Development Tools for Assessor Development
You want to be the best assessor you can be. You are willing to spend time and effort to get better.
Scoping Your Goals
Be as specific as possible. Be realistic considering your background, available time and finances, age, and the effort you are willing to expend.
Developing Your Plan
Set your goals to a master time line.
Determine the prerequisites needed to attain your goals.
- Set the prerequisites on the master time line.
- Every time changes are made to the master time line, review all tasks/activities to make sure everything can be accomplished according to the new master time line.
Picking Your Tools to Work With
There are many aids to becoming a better assessor, some tools are better suited for different personalities. Try as many as you can and pick those that work the best for you.
Tools to Improve Your Assessing
- Know the assessment forms and requirements inside and out
Read the CSA provided material (cover to cover) the day before you assess.
- Quantify and document all valuable information you gather at clinics/discussions and file in an orderly manner for future review (and review regularly);
- Attend Assessor Development Clinics, Seminars, etc;
- If you must be selective about the clinics and seminars you attend, match the level of the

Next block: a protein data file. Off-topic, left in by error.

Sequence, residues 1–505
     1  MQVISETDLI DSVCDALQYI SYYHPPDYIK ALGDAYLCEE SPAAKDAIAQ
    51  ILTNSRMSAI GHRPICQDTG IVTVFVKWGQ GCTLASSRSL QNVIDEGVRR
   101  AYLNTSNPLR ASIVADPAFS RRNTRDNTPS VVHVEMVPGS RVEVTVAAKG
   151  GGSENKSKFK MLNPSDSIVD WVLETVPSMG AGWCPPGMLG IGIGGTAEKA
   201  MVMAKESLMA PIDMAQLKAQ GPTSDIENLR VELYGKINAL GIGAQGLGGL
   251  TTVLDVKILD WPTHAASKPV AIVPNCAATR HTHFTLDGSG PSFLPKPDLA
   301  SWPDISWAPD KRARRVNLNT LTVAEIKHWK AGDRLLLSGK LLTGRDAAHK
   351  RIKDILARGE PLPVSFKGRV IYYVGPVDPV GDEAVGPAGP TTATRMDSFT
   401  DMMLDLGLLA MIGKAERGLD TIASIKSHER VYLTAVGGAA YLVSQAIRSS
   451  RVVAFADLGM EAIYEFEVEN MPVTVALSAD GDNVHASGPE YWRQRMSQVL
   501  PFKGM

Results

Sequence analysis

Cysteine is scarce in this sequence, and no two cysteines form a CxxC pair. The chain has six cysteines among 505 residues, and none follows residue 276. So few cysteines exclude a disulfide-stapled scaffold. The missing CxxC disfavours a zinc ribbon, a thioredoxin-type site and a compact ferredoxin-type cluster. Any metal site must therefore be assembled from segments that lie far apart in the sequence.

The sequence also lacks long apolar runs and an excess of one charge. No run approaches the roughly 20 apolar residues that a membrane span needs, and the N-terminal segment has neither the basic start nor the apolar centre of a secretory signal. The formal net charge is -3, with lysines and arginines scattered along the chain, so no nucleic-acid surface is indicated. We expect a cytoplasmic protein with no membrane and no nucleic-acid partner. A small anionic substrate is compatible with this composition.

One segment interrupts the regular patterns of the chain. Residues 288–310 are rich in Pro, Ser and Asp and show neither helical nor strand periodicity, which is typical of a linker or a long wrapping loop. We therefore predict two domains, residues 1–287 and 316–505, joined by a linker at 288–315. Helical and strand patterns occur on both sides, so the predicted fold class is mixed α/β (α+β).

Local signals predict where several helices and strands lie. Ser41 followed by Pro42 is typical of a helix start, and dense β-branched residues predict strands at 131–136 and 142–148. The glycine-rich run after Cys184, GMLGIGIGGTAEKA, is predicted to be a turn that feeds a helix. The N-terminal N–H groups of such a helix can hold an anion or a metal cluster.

- seminar to your level of development to obtain maximum benefit.
- You must instruct often to perfect and maintain your skills
- Get feedback!!! Assessing without feedback provides limited benefit to your development. Feedback can be comments from mentors/assessors you trust. Ask to be included in the mentorship program.
Review of your assessments
Ask a higher level assessor to review your assements: are they worded correctly? Are the scores correct? Could you improve anywhere?
Critique yourself – ask a mentor to watch you present your post game assessment, posture, voice level etc. as well as review of how you answered participant questions
- Work with someone of greater expertise who will provide you guidance, critique and encouragement as well as serving as a role model for you.
- To be effective, mentoring requires the dedication of both individuals, teacher and student alike.
The mentor should:
- develop with the assessor a plan and schedule for the skill improvement
- Review in detail the progress being made by the student and compare it to the plan
The assessor should:
- Utilize as many of the above mentioned tools for improvement as possible
- Accept all critiques in a positive manner and document them for later review
- Defined as groups of assessors (of approximately the same certification and experience level) who band together providing many of the same benefits as the mentor program without having the teacher/student relationship.
- Open discussion in great detail is encouraged.
- Intense critiques are possible with resulting discussion leading to enhanced understanding of common thought processes.
- The group should continually seek guidance from other higher level assessors to gage their activities and assure they do not go off on a tangent.
- Continually strive to improve your assessing performance.
- Do not become complacent when you reach any of your goals, but instead set new goals and if age or some other obstacle blocks higher certification levels; there are still personal performance goals you can set for yourself outside of certification and the like.
- The better assessor you become, the harder it will be to see improvement in your performance
- Guard against Backsliding